According to Dr. Kariuki, vice president for power, energy, and climate at the African Development Bank, by 2030, the effects of climate change might cost the African economies $50 billion, or 7% of their GDP (GDP). The repercussions, he said, will be most noticeable in agriculture where changes in weather patterns will jeopardize food security and productivity while putting over 200 million people at danger of being hungry.
He cited the East African cyclones of 2019 as having caused the loss of thousands of lives and enormous tracts of agricultural land.
The AfDB has pledged to double its funding to assist the continent in this direction, according to Dr. Kariuki, who noted that the AfDB is acutely aware of the need for adaptation.
He urged Africa to improve its readiness systems, notably by investing in early warning and prediction systems supported by cutting-edge technology, as it is currently the least adaptive continent.
He stated that the African Development Bank (AfDB) has been collaborating with the African Risk Capacity Group to develop and implement instruments to help nations prepare for climate change and related calamities. By providing vulnerable communities with training and funding, the bank is also helping communities become more resilient. But he added that, more work needs to be done to transfer relevant technology to remedy community damage.
Dr. Kariuki stated that the AfDB is prepared to assist such initiatives in coordination with other organizations on the continent.
Lessons from COP26
When discussing the takeaways from COP26, Dr. Mohieldin said that although negotiators there had done the best they could given the circumstances, national teams who had delivered their Nationally Determined Contributions bore the greater responsibility.
He emphasised the urgent need to come to terms with a disbursement mechanism for the USD 100 billion promised by wealthy nations to assist poorer ones in dealing with climate change and lamented the lack of political will in western capitals, which was to blame for the delays in fulfilling that and other commitments.
For the promises made at COP27 to be kept, he said, there must be defined deadlines and standards for implementation.
He emphasised that COP27 could not simply be business as usual and urged for increased investment, creativity, and purpose-built remedies that work for Africa’s particular conditions.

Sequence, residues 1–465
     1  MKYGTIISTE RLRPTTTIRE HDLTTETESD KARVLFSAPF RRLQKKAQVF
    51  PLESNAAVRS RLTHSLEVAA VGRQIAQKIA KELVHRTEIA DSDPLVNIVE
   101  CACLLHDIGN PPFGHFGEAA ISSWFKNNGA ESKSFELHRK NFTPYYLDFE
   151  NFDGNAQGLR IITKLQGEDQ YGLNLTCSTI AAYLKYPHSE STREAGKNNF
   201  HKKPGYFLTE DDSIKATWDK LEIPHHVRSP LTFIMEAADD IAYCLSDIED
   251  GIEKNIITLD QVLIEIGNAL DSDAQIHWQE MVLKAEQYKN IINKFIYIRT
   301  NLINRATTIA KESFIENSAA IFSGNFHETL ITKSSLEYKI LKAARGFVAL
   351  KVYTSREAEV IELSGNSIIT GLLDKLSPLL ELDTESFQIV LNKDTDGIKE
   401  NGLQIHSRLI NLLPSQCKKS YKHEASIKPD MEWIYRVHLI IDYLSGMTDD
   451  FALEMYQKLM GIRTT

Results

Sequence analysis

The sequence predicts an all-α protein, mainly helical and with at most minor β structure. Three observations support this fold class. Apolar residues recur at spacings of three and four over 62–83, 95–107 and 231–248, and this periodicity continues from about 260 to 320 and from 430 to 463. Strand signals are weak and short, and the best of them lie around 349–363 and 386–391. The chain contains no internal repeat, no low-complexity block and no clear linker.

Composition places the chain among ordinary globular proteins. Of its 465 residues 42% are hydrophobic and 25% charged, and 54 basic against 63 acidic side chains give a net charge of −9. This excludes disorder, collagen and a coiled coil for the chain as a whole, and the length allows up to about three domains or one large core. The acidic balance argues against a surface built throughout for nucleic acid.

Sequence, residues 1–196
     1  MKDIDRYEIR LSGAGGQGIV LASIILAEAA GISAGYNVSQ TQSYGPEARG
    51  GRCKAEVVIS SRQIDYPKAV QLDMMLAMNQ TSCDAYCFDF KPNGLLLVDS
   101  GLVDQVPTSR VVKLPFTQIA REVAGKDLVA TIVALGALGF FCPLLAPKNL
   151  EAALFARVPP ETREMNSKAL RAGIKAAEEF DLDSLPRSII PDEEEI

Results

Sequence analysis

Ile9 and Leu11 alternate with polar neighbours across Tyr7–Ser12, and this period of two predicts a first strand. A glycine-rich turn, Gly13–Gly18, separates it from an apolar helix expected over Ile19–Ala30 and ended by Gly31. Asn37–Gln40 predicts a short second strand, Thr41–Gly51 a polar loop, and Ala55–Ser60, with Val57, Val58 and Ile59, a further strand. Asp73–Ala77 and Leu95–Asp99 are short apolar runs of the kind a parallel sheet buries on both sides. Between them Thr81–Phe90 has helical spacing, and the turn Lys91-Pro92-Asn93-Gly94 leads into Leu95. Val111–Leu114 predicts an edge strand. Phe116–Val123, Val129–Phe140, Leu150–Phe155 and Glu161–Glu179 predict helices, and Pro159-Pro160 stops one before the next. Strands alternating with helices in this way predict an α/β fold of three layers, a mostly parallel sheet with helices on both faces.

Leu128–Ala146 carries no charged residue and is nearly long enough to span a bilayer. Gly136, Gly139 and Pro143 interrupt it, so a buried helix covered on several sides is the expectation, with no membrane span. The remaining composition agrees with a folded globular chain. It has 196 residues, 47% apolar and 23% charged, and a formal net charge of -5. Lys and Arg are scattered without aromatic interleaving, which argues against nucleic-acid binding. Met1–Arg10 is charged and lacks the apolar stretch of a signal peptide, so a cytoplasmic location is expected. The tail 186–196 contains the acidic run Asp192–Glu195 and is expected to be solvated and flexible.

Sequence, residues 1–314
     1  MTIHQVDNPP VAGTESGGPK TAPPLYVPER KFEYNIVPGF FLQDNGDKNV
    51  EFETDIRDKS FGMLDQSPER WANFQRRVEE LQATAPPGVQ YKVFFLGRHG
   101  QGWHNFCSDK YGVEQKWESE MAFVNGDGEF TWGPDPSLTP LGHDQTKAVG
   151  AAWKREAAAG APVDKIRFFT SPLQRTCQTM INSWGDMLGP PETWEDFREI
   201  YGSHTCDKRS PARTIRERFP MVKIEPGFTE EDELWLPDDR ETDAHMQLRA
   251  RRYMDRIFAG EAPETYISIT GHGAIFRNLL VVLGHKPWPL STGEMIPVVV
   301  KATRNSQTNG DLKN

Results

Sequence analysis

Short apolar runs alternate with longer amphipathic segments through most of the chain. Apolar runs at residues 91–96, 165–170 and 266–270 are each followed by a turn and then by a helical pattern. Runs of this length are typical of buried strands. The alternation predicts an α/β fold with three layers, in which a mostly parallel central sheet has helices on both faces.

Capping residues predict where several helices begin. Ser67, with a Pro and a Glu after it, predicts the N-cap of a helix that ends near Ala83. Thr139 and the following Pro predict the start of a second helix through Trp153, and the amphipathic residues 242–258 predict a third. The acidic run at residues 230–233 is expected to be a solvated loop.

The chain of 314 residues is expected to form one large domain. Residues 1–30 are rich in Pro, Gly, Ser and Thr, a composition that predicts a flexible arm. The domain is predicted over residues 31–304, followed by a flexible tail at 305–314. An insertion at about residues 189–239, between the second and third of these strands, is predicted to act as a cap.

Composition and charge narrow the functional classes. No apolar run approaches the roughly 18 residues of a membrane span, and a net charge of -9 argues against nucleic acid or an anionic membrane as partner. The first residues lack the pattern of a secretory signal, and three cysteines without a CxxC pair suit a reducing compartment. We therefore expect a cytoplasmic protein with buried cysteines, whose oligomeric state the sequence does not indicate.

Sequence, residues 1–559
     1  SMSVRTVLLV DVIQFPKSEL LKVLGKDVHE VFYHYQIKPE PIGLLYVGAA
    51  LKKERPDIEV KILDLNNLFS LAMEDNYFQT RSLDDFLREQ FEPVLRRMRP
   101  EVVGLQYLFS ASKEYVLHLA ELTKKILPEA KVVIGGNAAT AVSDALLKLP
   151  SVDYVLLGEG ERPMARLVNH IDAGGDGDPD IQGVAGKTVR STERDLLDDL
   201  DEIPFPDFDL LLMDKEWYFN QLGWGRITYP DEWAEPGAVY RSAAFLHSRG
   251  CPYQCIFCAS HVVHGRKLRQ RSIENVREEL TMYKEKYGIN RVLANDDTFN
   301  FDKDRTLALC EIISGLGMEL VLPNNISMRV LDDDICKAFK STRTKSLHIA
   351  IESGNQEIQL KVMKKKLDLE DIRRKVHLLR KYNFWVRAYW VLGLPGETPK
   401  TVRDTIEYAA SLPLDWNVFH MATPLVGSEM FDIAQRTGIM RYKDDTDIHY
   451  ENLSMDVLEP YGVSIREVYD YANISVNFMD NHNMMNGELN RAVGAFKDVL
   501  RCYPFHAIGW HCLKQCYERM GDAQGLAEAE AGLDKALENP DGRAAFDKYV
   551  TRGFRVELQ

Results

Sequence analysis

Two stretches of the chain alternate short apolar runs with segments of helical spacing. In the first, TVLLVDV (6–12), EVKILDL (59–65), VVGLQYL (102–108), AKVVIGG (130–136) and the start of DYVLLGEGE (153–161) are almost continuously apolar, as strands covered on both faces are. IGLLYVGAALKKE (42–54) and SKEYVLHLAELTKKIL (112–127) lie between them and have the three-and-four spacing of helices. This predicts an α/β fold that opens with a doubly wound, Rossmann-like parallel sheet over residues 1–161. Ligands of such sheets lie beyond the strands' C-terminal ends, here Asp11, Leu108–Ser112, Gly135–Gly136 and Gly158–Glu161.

Looking ahead to COP27
Dr. Mohieldin emphasized that regional viewpoints should be considered during the COP27 deliberations and that the Social Development Goals and climate action should be more closely aligned. To ensure that structural changes do not jeopardize the continent’s energy and development goals, concrete procedures must be put forth.
Dr. Kariuki urged increased investment in Africa, especially in the 22 economies on the continent that are most vulnerable. By 2030, investments of at least USD 128 billion will be necessary, and COP27 should renew commitments to the goals established for that date.
He emphasised the necessity of tying development benchmarks like energy security to climate goals. Energy being so important to sustainable development, attention must be paid to how to assist green energy initiatives on the continent at COP27 and beyond.
He urged African leaders to grasp the reins, assume command of the discussion, and aid in tailoring answers to the continent’s requirements.
Accountability is a challenge
One of the causes of the failure, according to Dr. Mohieldin, was the absence of a system for holding people accountable. He compared it to the long-standing pledge to dedicate 0.7% of GDP to the developing countries and stated that occasionally nations are unable to fulfill such promises owing to a lack of political will.
In order to help finance Africa’s efforts, he urged co-opting the continent’s commercial sector into the climate agenda.
Dr. Kariuki explained that because applying for and receiving such grants can be difficult processes, the AfDB worked with nations to improve their capacity to do so.
He added that rich nations should prioritize money for climate change initiatives as they have demonstrated.
He added that it was crucial for affluent nations to prioritize funding for the fight against climate change as they had demonstrated the ability to do so in the face of the Covid-19 worldwide pandemic.
Regarding the function of the ARC Group, Mr. Diong clarified that it was established to support African nations with their mitigation, resilience, and adaptation strategies.
He emphasised the significance of technology-based mechanisms for alerting and preparing countries for climatic events. African nations can get insurance against extreme weather disasters through the ARC Group and maintain the financial resources necessary to safeguard lives and livelihoods and restore their infrastructure in the wake of such unfavorable events.
He said, even though there are currently just 35 members, all African nations are entitled to join the ARC Group.